Pinyin or “policy of birth planning” is the policy that was created by the Chinese Government and introduced in 1978 which stated that Chinese couples would be restricted to only having one child. (People’s Daily, 2011). This policy was created to alleviate social, economic, and environmental problems in China (Coale, 1981) Chinese authorities have claimed that since this act had been put in place that the birth rate started to decline. Especially since there has been an imbalance in the Chinese population due to an increase in boys born. In China, having boys is preferred for the reason that they hold the family name, enjoy social prestige and can take care of their parents once they are older (Wesemann,2012) It is now more of an epidemic where Chinese girls are being aborted since there is a one child policy per family ( Wesemann et. Al.) Several months ago a Chinese woman named Feng Jianmel was illegally detained and forced to have an abortion at 7 months into her pregnancy. The couple already had one child and according to the Chinese government had broken the law by deciding to have another child ( CNN, 2012). Stories much the Jianmel family cases happen at a rapid rate in China however, Fengs family posted pictures of the 7 month old child on social media sites which prompted a national debate on the “one child law” ( CNN, 2012). There are constant debates on whether this law is immoral and unjust. Especially going the extreme as to abort a child that is already developed at 7months old. Is killing children a way to help us as humans flourish and fulfil our life? John Finnis a scholar and philosopher states that “ morality can’t be inferred from human nature, but can only be understood through a particular type of practical reasoning that is unique to human beings” (Pavlich, 2011). Finnis further offers his seven forms of human flourishing that are essential to life. Having the one child policy in China already interferes with the first point Finnis makes by saying that the value and procreation of human life is essential for humans to flourish (Pavlich, 2011). By stopping the Chinese population from procreating, they are stopping life. This by no means is following Finnis ‘ work in that aborting that 7 month old child put a strain not only on the population of China, but caused an outcry from the public all around the world. This interferes with respecting the basic value of individuals and society. Another point in Finnis’ work is his point about religion or the value of spiritual experience. Although not many Chinese are catholic, Catholics are raised to pro create and do not believe in contraceptives. Thus, there are an abundance of Catholics with more than 2 children. Another point would be sociability and friendship. Since the law is one child per family, many children grow up alone and end up being spoiled and labelled “the little emperor syndrome”. Andrew Marshall, a journalist based in south East Asia discusses this saying that many children get spoiled by their family especially boys. They grow stronger with age and soon become the head of the family. This Marshall says will soon lead to a “behavioural time bomb: (Marshall, 2012) this stops the social factor within communities and even friendships. This creates further a separation in communities and society. However, Lon Fuller another philosopher offered a natural law theory that focused explicitly on the rational dimensions of law making as a craft (Pavlich, 2011). In his book “The Morality of Law”, he identified eight elements of law which have been recognized as necessary for a society aspiring to institute the rule of law. Firstly Fuller says that “laws must exist and those laws should be obeyed by all”. However, although this rule is in place not all people in China follow this rule as noted above in the case of the young woman Feng who was on her 7 month of pregnancy. Another element would be that “law must not command the impossible”.  It is impossible for the Chinese government to regulate the amount f children being born. Creation of a child is the way of life and stopping people from having children is stopping the impossible. Finally, “law must stay constant through time […] also must allow for timely revision […] circumstances have changed” (Pavlich, 2011). China has now brought out the debate once again for the rule of two children per family since times have changed.  However, the question now is will this stop the killings of unborn children once the 2 children per family policy is changed?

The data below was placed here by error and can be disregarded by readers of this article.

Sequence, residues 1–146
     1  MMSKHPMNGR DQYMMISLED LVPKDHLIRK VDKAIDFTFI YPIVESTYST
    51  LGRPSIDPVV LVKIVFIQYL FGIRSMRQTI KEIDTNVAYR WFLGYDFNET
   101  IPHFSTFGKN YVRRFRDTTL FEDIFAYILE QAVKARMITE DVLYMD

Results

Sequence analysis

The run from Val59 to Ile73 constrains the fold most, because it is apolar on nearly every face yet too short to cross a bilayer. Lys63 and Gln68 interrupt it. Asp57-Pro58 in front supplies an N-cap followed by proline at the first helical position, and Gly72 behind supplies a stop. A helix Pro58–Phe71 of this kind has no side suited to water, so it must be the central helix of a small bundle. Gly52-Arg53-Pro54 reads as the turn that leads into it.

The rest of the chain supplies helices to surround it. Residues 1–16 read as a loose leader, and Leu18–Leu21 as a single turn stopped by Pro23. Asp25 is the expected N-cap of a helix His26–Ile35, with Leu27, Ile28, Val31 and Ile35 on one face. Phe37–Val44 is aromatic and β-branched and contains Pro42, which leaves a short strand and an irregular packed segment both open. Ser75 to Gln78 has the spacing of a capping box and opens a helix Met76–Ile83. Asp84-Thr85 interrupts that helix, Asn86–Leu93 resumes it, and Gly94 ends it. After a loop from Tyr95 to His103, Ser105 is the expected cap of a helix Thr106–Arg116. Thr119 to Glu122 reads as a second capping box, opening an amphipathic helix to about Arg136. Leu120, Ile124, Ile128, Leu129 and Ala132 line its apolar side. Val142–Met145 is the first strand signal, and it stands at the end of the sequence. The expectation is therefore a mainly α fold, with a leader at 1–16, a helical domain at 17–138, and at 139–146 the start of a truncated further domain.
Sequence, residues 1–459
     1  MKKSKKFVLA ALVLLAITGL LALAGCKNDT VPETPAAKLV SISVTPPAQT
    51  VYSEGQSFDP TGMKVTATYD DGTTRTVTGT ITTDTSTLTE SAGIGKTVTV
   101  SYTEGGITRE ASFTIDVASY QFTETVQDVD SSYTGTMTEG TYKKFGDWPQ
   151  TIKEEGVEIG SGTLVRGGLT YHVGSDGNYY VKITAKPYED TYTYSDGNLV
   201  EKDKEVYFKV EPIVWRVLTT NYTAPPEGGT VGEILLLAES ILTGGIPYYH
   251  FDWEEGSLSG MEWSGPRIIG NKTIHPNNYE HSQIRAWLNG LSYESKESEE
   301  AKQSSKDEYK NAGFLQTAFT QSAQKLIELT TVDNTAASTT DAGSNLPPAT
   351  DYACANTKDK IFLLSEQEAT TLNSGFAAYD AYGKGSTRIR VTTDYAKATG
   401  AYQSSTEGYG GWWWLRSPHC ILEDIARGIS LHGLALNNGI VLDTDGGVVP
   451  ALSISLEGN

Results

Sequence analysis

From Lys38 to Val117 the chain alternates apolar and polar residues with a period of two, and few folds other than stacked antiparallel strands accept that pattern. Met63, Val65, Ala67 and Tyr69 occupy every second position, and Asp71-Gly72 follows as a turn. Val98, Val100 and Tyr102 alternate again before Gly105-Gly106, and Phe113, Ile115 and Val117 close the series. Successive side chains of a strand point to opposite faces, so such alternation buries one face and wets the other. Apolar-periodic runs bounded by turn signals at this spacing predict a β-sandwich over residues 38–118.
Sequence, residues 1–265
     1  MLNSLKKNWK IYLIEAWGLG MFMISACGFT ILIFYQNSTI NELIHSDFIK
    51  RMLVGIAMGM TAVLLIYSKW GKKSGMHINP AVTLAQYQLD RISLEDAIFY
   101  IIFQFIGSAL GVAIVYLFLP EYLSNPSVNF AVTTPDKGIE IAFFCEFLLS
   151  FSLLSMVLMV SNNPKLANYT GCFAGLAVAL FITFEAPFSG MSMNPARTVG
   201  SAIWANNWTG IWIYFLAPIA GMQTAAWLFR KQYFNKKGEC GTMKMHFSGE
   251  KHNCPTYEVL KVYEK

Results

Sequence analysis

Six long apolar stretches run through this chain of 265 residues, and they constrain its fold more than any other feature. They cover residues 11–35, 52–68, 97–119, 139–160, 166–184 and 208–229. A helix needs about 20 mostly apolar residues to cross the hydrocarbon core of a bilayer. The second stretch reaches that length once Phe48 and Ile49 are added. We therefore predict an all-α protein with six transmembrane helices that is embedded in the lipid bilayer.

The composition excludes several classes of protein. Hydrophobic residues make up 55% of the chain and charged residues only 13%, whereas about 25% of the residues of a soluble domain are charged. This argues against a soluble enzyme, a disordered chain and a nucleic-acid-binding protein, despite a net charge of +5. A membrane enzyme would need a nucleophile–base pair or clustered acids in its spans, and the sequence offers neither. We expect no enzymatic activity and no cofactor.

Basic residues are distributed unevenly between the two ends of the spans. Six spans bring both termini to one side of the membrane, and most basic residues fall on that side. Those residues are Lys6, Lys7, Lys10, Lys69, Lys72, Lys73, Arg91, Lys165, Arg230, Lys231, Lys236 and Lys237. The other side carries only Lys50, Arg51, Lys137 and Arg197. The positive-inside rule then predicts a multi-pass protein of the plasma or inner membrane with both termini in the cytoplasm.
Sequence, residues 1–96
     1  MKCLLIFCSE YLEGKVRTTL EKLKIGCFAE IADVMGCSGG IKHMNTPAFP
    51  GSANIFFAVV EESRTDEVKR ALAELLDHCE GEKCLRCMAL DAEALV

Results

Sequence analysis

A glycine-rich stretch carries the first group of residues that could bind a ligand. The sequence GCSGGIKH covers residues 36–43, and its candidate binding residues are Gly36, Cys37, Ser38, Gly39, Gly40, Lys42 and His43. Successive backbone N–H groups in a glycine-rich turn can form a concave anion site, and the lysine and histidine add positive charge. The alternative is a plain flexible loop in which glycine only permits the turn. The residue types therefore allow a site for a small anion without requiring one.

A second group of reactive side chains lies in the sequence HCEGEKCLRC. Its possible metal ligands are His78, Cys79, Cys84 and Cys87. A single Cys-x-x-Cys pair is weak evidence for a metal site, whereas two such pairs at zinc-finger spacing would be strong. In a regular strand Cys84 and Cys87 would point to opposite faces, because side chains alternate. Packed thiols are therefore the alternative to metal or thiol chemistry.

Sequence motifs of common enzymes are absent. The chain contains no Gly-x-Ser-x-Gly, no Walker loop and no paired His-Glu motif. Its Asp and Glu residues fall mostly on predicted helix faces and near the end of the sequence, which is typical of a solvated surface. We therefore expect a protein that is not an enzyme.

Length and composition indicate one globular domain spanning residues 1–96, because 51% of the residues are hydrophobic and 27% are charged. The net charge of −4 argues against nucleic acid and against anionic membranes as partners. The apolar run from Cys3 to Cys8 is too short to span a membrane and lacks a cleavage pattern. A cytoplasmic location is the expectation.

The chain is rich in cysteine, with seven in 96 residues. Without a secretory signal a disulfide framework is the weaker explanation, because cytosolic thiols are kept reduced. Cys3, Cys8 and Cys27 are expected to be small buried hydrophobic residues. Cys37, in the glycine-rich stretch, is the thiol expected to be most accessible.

Ansley J. Coale, Population Trends, Population Policy, and Population Studies in China. Population Development Review. March ( 1981). Vol. 7. No. 1. pp-85-97. ( Retrieved Sept.21.2012 )  ( Retrieved Sept.21.2012 ) ( Retrieved Sept. 21.2012 ) Author: Dorette Wesemann, Edited by: Ragnar Müller ( Retrieved Sept.21.2012 ) ( Retrieved Sept.21.2012 )

Law and Society written by George Pavlich 2011